Some things are best left forgotten.
Scarlet Pierce has it all—an impressive home, a successful business and an intimidatingly handsome husband who adores her. It’s the kind of life most people only dream of. There’s just one problem―she doesn’t remember any of it.
When a horrific car accident claims her twenty-eight years of memories, Scarlet is thrust into a world of self-discovery and terrifying nightmares that she soon learns are echoes of the past.
Her life is turned upside down once again when she’s introduced to the man who saved her from the near-fatal crash, the strong, silent Mitch. The two share an instant connection but when Scarlet begins to have memories of him, she realizes there’s more to him―and them than meets the eye.
As she starts to recover her memories and uncover the shocking truth, Scarlet discovers that some things are best left forgotten.
“Hello, wife,” a seductive voice echoes in the bedroom behind me as I sit staring at my reflection in the dressing table mirror.
“Hello, husband,” I reply, grinning at the impossibly handsome man reflected in the glass. He leans casually against the door, tightening his cufflink, his dark-gray suit accentuating his steely dark-blue eyes and dark, tousled locks that turn up at the ends.
“You look beautiful, as always.”
I roll my eyes as Nick closes the gap between us. “Stop saying that.”
He leans in behind me, regarding our reflections in the mirror.
“Never,” he replies, curling the corners of his lips in an innocent, childlike way. “Are you nearly ready? Our guests are starting to arrive.” He leans in close to my ear, sensing my anxiety. “Don’t worry. I’ll be right by your side.”
I turn around to look at him and there, in the lines of his face, in the warmth of his eyes, I find in him the courage I haven’t been able to find in myself to make the journey downstairs.
Nick holds out his hand to me. “Shall we?”
I put mine in his and he summons me into his arms, his eyes soft and heady.
“I love you, Mrs. Pierce,” he whispers, lowering his lips to mine.
I freeze, unable to respond. I’m not exactly sure how I feel about my husband, Nick. I married him, so I must love him, right?
Truth is, I really don’t know. I really don’t know anything since the accident.
As we start down the stairs, the sound of wine-induced laughter and chitchat grows louder, grating my already fraying nerves. I reach out, taking a firm hold of the balustrade. Nick turns to look at me.
“It’s okay—it’s only close friends and family, and they’re all here for you. To reconnect with you. There’s nothing to be afraid of.”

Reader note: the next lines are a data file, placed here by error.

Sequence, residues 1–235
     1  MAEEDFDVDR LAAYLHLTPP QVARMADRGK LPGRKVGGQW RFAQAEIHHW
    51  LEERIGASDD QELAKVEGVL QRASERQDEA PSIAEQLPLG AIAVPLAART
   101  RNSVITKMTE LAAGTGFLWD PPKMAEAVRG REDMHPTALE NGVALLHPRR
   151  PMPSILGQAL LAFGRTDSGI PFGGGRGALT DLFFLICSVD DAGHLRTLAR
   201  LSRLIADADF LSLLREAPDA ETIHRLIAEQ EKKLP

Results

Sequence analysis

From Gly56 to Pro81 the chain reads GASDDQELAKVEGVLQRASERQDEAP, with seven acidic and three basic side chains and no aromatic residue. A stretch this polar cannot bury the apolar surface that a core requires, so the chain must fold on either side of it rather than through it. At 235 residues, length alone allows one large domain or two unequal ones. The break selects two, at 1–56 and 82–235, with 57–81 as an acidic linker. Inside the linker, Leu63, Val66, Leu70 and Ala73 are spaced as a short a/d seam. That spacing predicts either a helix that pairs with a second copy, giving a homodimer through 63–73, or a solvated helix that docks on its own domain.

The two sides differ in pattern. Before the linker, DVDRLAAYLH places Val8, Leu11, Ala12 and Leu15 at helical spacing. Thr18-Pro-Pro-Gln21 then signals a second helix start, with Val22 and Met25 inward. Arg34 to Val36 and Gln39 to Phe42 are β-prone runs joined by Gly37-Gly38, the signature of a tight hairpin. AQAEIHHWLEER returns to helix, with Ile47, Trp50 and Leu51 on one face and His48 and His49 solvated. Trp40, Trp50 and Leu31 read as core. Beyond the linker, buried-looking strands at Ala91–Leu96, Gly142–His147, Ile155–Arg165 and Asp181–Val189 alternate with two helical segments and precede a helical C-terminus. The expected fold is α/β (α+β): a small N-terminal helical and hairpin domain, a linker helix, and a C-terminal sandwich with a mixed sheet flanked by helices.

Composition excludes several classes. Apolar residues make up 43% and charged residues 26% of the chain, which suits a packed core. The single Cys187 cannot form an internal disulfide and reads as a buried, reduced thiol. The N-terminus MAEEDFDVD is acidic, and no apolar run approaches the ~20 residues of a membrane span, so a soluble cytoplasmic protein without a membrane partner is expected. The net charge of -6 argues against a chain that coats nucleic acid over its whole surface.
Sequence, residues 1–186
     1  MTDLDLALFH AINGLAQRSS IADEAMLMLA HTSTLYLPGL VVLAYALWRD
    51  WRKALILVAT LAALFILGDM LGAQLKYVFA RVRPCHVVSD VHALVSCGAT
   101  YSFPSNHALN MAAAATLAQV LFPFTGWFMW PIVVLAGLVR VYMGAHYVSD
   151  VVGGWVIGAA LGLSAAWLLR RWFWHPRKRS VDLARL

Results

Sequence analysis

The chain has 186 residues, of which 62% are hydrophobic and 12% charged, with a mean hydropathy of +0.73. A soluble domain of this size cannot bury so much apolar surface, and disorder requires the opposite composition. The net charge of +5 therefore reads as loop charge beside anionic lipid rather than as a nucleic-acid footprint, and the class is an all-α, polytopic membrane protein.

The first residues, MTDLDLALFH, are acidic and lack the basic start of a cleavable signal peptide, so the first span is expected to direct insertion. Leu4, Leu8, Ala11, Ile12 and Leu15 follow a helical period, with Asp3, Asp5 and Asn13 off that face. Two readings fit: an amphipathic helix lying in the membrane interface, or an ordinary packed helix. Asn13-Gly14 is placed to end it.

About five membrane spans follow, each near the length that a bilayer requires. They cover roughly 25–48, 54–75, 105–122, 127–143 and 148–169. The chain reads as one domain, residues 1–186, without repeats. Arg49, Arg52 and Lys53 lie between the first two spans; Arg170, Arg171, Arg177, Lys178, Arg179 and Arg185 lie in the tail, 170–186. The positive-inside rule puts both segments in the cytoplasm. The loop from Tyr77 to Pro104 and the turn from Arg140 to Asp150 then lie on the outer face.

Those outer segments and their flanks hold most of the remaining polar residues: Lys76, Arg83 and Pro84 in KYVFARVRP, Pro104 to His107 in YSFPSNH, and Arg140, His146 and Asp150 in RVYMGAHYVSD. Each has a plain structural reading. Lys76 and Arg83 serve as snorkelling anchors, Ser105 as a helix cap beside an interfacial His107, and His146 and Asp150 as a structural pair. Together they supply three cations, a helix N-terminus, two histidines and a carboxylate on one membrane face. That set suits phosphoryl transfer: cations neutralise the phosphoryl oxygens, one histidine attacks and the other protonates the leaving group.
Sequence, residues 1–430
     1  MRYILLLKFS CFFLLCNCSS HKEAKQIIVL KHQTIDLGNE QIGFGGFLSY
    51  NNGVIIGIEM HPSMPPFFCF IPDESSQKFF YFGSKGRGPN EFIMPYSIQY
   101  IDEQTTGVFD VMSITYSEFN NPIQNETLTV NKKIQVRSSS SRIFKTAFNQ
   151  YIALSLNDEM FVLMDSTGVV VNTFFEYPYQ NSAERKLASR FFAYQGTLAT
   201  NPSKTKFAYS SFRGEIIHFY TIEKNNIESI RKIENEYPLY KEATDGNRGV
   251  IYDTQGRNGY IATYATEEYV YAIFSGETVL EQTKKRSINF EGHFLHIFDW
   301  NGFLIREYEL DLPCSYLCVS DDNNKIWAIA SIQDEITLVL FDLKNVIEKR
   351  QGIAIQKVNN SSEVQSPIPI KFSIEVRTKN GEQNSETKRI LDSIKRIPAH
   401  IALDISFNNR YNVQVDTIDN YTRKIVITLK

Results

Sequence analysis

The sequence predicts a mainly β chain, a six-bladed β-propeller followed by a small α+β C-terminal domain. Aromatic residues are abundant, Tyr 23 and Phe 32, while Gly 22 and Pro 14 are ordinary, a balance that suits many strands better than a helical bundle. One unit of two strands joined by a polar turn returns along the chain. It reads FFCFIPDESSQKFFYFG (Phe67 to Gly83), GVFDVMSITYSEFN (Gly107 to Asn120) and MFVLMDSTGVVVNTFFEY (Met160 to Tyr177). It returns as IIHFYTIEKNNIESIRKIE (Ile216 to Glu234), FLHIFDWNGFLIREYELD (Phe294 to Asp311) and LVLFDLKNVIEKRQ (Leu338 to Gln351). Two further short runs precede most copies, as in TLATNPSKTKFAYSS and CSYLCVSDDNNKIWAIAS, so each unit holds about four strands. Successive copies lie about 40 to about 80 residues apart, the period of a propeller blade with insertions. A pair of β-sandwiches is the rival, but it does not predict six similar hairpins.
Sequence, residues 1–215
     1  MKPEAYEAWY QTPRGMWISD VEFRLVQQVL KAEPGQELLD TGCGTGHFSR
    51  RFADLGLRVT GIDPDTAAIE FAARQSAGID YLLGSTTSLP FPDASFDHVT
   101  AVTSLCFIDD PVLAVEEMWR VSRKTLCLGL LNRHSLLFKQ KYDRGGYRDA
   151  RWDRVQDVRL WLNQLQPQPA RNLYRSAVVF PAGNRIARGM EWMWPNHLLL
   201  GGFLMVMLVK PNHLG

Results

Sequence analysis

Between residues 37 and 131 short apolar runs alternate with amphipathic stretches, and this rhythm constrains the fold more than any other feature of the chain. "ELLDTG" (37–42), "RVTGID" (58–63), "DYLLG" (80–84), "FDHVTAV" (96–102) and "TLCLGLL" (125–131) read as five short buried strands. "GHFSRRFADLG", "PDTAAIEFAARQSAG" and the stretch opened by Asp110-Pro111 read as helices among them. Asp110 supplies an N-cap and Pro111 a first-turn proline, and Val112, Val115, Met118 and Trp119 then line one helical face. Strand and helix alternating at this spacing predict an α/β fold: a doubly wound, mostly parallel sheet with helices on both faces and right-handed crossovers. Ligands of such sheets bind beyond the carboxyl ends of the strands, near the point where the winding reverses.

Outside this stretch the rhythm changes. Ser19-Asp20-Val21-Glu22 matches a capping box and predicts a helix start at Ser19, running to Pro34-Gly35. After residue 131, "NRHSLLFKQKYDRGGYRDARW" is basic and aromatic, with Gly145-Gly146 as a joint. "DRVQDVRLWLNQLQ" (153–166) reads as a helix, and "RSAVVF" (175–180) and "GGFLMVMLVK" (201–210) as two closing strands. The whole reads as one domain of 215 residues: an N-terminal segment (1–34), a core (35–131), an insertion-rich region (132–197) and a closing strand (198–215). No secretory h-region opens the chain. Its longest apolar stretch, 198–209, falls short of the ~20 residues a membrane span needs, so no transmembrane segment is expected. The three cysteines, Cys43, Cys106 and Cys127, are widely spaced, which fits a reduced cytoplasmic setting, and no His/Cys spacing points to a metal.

I arch an eyebrow.
“Besides, you’ve met them all before,” he jokes.
“That’s not funny.”
“Really? Not even a little bit?”
“Not at all.”
“Come on.” He takes a step forward and tugs at my hand.
I drift forward, but I still can’t let go of the balustrade. He turns back to me, amused.
I nod at him, without any intention of complying.
“Let go, then,” he coaxes, tugging me away from the balustrade and tucking me under his arm so I can’t do it again. “You know, if memory serves me, I can’t recall ever seeing you this nervous.”
I glare up at him. “At least someone’s memory’s serving them.”
“I see you haven’t lost your sense of humor.”
My lips twitch, fighting a smile, his sarcasm producing the desired effect, but it doesn’t last long.
I know it’s only close friends and family gathering here to see me, but for all intents and purposes, it’s a room full of strangers.
People I have no memory of.
It’s been six months since the car accident that claimed my memories. Memories of who I was and the twenty-eight years of life I’d lived, replaced by nothing. A void of emptiness and darkness.
My very first memory—waking up in a hospital room, lying damaged and broken, surrounded by people I didn’t know and have only now begun to accept. I watched while they rejoiced for a life saved—a life I didn’t even know existed—listening as they told me how I’d lost control of my car. How it had spun off the road into icy-cold waters and how a man had rescued me and swum me to safety, risking his life to save mine. I didn’t remember it.
Not a single thing.
About the Author
Julianna Zacleese is an author and songwriter from the small country town of Childers in Queensland, Australia. Her love of literature and writing began at an early age and developed into a deep-seated passion for all things written.
While her decade-long career with the Police Service inspires the suspense element in her writing, it was her love of writing media releases and freelance articles for the local newspaper that led to her return to writing and success as a published author.
An entrant in the 2016 Cannes Screenplay Contest and 2017 Page International Screenwriting Awards, Julianna one day aspires to write for the big screen.